Gilead directors are listed HERE
    Whitley joined Gilead’s Board of Directors in 2008.
  2. Prof Arnold Monto
    He reports fees from Biocryst and Roche outside of the submitted work but also received about 41,000 US $ he got from GSK in 2009-13.
    See list HERE
    GSK produces Relenza the other antiviral product advocated for flu
  3. Ms Joanna Dobson
    There are 10 publications since 2010 but not a single one on influenza, not a single first authored and not a single systematic review
    This raises the question of what qualifies Dr Dobson to be the lead author on such a paper
  4. Prof Stuart Pocock
    He has expertise in statistical methods and clinical trials and describes his clinical area as being CV disease.
    Statisticians can only deal with the information given to them by others

There are further issues about the trial being funded by MUGAS
Comment about MUGAS  (see block of text below)

In 2013, Roche announced that in the interests of transparency it would supply any data requested by what it described as a “third party group”, the Multiparty Group for Advice in Science (MUGAS).
In fact, while the name might lead you to imagine an independent body bringing together representatives of a number of organisations to consider a range of issues (rather like All-Party Groups in the UK Parliament), MUGAS is funded by Roche and is led by four scientists, three of whom are advisers to Roche. It appears to have been set up specifically as part of the attempt to counter the Cochrane’s criticisms.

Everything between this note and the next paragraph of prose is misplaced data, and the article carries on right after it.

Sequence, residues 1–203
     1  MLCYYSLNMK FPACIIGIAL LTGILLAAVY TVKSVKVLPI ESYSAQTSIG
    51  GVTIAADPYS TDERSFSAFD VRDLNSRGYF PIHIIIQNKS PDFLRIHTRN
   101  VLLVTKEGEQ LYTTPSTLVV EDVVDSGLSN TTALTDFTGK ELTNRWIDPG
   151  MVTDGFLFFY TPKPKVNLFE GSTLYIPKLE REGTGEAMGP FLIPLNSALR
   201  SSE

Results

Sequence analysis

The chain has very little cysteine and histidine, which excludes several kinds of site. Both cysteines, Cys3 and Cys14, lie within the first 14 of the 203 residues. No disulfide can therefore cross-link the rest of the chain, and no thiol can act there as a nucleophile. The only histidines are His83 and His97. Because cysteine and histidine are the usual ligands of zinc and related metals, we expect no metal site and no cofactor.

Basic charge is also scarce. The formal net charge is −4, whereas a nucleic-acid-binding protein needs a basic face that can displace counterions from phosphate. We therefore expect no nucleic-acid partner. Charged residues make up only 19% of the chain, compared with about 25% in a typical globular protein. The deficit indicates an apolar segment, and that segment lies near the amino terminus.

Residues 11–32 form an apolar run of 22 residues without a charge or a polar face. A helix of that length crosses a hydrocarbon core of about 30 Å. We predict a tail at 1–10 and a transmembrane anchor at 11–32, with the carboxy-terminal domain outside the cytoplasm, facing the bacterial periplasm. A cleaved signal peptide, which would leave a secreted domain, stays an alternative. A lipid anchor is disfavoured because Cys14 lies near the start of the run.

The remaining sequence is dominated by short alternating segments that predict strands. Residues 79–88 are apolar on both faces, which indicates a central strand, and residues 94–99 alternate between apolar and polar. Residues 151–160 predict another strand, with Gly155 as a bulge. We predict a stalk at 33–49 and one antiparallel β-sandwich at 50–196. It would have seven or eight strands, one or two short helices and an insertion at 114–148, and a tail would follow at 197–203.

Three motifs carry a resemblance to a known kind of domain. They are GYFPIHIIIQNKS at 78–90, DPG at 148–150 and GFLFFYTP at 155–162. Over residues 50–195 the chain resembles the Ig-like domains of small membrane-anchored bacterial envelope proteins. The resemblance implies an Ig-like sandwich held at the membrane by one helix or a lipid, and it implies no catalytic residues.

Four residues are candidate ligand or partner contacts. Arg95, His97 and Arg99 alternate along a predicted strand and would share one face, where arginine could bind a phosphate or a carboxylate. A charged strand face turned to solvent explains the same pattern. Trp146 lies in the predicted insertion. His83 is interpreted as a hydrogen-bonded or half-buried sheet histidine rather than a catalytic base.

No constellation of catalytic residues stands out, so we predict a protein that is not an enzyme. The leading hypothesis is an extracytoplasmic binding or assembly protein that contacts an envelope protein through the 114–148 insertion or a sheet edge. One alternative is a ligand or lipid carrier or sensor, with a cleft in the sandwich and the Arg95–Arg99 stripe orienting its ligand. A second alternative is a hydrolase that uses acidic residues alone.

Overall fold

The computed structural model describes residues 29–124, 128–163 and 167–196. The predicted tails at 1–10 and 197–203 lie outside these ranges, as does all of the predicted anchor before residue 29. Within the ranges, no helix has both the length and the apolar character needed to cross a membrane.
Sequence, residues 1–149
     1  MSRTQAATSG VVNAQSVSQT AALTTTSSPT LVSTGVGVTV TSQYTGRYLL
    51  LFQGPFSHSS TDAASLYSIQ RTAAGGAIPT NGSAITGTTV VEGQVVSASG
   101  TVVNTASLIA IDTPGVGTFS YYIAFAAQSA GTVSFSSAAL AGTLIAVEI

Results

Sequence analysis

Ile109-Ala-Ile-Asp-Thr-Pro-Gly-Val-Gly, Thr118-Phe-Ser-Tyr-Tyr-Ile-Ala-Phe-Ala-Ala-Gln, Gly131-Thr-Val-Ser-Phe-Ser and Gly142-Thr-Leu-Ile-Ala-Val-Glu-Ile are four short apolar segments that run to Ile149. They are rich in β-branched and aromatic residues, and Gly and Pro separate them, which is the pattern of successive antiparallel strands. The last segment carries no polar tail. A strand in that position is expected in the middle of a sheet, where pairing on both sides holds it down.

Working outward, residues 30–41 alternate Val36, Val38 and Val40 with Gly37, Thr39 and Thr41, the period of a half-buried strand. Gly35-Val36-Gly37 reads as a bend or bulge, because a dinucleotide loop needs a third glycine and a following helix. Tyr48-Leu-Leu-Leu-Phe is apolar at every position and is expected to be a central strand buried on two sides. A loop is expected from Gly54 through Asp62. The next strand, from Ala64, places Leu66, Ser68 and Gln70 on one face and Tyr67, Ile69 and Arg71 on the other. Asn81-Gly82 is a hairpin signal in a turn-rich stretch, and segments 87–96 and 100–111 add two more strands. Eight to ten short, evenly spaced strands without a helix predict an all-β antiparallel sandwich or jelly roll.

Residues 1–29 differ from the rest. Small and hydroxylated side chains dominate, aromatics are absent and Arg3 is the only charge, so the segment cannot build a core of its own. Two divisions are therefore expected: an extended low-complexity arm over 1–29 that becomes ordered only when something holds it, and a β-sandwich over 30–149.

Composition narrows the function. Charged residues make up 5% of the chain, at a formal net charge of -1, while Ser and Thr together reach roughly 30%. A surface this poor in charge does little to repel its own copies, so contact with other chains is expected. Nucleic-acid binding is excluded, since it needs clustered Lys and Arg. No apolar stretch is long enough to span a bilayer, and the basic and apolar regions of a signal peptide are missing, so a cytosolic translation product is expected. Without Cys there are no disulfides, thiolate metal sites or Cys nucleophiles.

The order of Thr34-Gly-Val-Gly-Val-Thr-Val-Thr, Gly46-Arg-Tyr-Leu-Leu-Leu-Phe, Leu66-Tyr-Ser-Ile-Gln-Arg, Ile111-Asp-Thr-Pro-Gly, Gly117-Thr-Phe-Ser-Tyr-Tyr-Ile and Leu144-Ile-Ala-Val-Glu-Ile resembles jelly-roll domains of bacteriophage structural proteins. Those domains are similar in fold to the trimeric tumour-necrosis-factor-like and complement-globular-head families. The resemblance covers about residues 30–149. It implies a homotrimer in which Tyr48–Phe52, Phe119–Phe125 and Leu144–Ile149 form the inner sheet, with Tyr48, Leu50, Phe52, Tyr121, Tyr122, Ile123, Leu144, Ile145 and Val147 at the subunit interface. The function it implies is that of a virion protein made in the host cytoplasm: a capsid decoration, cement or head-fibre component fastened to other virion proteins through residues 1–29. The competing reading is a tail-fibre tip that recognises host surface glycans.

Another organisation involved is European Scientists Working on Influenza (ESWI).  On their websites, MUGAS and ESWI give as their point of contact the same mobile telephone number in Belgium [13, 14]. The name MUGAS is a registered trademark of Semiotics, a company that describes its mission as “translating science to the world,” but whose actual activity seems mostly to be concerned with influenza and in particular oseltamivir [15].

Details of Semiotics
Both MUGAS and ESWI are brands of Semiotics
See also  Semiotics Mind Map

We need to know a lot more about how Semiotics, MUGAS and ESWI are funded and who influences what they say and do.

2 comments on “Tamiflu Re-analysis

  1. You should start, of course, by dismissing everything I say. I am clearly in the pay of the pharma industry and hence everything I ever say is misleading. If you want to know how wicked I am, here is my general declaration http://www.senns.demon.co.uk/Declaration_Interest.htm . However, it does include one thing I find singularly lacking from most declarations I see from the EBM movement. ‘my career is furthered by publishing. Controversial topics often attract greater publicity and this should always be borne in mind’. It seems to me that the whole Tamiflu story has been milked for what it is worth by many. In epidemiology, careers are made by sensational (often bad) news and the temptation is clearly there.